Warning: This story contains graphic details and may be triggering to some readers.
A couple of weeks before Graham and Lauren Dickason left South Africa to start a new life in New Zealand, tensions in their marriage and in their family grew exponentially.
Coupled by the weight of her depression, anxiety and leaving behind friends and family, Lauren and Graham had an argument where some unsavoury words were said.
In a New Zealand High Court on Wednesday, Lauren’s attorney Anne Toohey cross examined Graham Dickason, who appeared via video from Pretoria.
Lauren Dickason, a doctor from Pretoria has been charged murders of her twin daughters Maya and Karla, 2, and their older sister Liane, 6, who were found dead in their Timaru home in New Zealand by their father, Graham Dickason, an orthopaedic surgeon from Pretoria.
Court proceedings also revealed that Lauren had told Graham she wanted to harm the kids before they left South Africa, but he did not take her thoughts seriously.
This, according to a transcript of the trial proceedings by New Zealand media outlet, stuff.co.nz.
He told the court that Lauren spoke to him about giving the children sleeping pills and cutting their femoral arteries. He said he was surprised and concerned, but not angry at Lauren.
But Toohey said when she spoke to Lauren about the incident, Graham replied by saying: "Do you know how crazy you sound? We're emigrating to New Zealand in 13 days."
Toohey then asked him if he remembered telling Lauren to “pull on your big girl panties and pull yourself together”.
Graham said he recalled a conversation with Lauren before they left Pretoria where he said this.
He also mentioned that Lauren’s mother, Wendy, was concerned about her mental health before they left but his only thought was to get her to New Zealand and away from things that stressed her out.
Toohey: “And you said, ‘Everything is going to be okay, but if one more bump in the road happens, I’m going to stop it all’”.
Graham: “It is possible that I said that."
Toohey: “So Lauren’s not asking you to not emigrate, but there were concerns for her mental health?”
Graham: “Everyone who interacted with Lauren was concerned for her at that stage."
Toohey then questioned Graham about the sleeping pills and femoral arteries incident.
Toohey: “Do you think you might have been angry about what Lauren was telling you?”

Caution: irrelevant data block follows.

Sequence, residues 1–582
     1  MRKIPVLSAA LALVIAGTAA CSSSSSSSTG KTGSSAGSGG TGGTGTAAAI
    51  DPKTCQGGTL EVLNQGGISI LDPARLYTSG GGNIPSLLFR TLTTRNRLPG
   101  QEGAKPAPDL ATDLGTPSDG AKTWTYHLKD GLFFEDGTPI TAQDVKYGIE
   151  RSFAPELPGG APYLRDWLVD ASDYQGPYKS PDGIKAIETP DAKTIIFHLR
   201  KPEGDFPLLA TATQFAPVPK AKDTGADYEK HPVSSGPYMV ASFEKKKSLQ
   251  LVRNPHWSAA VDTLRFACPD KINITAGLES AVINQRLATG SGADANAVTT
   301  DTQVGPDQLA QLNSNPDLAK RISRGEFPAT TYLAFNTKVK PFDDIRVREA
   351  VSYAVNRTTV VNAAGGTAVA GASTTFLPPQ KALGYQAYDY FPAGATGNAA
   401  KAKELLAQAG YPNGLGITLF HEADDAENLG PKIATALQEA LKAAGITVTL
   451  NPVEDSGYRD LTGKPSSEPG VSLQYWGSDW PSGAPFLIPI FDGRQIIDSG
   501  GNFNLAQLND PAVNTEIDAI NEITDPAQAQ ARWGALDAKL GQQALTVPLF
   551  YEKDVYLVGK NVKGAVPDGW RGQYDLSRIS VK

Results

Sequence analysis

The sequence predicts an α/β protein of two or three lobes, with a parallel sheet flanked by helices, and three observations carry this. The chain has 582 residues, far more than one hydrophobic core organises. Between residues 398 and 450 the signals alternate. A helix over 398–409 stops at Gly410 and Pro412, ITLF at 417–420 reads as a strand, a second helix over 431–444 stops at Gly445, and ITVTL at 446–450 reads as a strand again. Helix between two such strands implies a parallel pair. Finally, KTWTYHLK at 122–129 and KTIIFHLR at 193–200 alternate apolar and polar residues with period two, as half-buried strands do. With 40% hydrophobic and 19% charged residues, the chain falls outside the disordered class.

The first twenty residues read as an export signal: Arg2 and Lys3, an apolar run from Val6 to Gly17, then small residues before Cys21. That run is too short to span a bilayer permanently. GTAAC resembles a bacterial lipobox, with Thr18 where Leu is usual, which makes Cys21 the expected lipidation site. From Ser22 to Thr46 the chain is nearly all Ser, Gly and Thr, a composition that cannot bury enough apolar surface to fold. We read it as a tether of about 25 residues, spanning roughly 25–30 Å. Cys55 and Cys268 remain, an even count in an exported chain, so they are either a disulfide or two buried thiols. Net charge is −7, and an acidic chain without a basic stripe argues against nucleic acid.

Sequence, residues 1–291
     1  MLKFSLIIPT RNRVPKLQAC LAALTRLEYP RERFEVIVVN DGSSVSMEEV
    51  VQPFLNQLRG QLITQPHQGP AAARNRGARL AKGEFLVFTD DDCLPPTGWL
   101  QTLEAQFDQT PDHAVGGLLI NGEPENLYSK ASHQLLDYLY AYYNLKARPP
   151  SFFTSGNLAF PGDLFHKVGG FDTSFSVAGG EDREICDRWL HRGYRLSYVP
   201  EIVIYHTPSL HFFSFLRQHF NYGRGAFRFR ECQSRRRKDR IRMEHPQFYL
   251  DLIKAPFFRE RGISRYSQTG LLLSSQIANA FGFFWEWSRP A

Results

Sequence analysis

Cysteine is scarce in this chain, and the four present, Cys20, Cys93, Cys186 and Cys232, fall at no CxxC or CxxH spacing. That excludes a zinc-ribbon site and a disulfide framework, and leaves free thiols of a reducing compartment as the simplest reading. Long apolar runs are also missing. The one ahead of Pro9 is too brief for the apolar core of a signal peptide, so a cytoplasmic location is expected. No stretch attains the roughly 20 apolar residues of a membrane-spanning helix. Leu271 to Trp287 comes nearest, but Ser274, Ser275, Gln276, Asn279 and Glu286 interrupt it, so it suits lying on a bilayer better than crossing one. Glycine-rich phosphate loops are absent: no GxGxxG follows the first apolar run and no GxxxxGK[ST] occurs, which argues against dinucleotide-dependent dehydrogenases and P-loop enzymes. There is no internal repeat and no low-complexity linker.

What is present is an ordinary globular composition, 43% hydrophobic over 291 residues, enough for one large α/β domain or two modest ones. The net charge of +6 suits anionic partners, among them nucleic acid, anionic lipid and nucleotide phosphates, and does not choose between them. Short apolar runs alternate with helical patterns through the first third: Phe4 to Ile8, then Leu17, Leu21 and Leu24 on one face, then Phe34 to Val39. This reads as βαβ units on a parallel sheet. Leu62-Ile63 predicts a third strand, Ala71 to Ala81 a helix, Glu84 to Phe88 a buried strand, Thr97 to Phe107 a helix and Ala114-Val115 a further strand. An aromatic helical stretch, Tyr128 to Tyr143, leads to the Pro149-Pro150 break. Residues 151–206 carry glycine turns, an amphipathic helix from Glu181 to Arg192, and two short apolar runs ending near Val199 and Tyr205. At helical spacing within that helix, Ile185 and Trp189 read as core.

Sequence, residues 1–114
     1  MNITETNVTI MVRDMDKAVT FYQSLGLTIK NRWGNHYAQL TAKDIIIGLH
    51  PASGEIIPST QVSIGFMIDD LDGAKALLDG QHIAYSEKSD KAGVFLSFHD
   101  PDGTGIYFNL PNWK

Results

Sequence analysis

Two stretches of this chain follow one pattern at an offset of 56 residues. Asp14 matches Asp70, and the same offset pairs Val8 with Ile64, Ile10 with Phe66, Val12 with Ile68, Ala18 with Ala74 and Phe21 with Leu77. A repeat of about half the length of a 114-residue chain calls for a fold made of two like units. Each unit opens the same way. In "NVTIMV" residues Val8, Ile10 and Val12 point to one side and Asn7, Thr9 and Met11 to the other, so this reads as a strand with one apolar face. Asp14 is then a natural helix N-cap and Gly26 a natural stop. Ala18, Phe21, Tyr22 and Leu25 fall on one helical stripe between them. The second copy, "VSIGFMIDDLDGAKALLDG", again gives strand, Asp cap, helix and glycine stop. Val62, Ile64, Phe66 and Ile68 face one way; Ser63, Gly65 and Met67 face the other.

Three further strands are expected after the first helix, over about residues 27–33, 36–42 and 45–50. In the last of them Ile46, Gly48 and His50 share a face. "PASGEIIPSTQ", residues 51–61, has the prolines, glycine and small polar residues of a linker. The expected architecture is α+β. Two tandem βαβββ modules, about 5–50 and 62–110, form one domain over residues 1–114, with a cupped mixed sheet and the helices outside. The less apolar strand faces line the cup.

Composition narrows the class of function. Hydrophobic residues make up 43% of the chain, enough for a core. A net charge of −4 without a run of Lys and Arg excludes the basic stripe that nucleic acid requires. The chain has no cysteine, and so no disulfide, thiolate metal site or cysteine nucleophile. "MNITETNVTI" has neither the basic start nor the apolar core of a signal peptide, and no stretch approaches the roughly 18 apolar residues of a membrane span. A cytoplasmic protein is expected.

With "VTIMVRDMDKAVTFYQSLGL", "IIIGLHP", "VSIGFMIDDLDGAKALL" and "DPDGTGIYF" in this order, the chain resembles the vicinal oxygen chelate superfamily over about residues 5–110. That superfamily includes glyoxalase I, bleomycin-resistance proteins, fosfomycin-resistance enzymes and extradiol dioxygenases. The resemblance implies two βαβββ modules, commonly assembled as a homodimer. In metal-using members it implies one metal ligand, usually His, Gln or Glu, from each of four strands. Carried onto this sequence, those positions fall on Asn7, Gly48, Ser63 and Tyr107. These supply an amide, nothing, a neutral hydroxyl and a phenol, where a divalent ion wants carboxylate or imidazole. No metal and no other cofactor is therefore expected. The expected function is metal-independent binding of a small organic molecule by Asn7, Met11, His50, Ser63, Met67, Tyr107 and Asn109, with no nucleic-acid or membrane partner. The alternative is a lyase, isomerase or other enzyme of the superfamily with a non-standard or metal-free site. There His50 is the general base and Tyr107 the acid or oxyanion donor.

Graham: “I was surprised by what she said. I would say I was concerned … I wouldn’t describe myself as angry, as my primary response, but yes, caught by surprise, and concerned."
Toohey: “In your mind, although she’s voicing these messages, she’s not saying she’s going to act on it … she was scared of these thoughts?”
Toohey: “And you didn’t think she was capable of doing something like this to the girls?”
Graham: “No, I didn’t."
She asked Graham about his response to Lauren when she told him she wanted to harm the children, but he responded by saying “do you know how crazy you sound, we’re emigrating to New Zealand in 13 days”.
Toohey: “Is it possible you might’ve said words like that?”
Graham: “I cannot confirm those were my exact words. I can’t remember saying those words, to be honest.”
Toohey: “Do you remember slamming your hands down on the bed?”
Graham: “I don’t remember slamming my hands down on the bed. I don’t remember being aggressive. I remember sitting with her on the bed, and she was just out of the bath and she was crying, and I tried to speak with her about what she said."
Toohey: “Is it possible that you did (swear and slam your hands on the bed)?”
Graham: “I suppose it’s possible, but I don’t have any recollection of doing it."
Toohey: “Do you remember saying ‘it’s time to pull on your big girl panties and pull yourself together’?”
Graham: “I remember a conversation of that kind with Lauren, but I recall it to be a different time, at my mother’s house just prior to our departure (to New Zealand)."
Toohey: “Would you accept Lauren’s memory with dates around this might be better than yours?”
Graham: “That’s hard to say … I can only remember what I can remember.”
The court also heard how Lauren Dickason confided in a friend and said she cried before her husband went to work and before she went to bed.
“I think he thinks I am crazy,” she wrote.
Graham Dickason’s cross examination will continue in court.
Transcript pulled from stuff.co.nz
Are you or someone you know may be affected by mental health? If so here are some important numbers:
- The SA Depression and Anxiety Group's 24-hour mental health helpline: 0800 456 789
- The SA Federation for Mental Health: 011 781 1852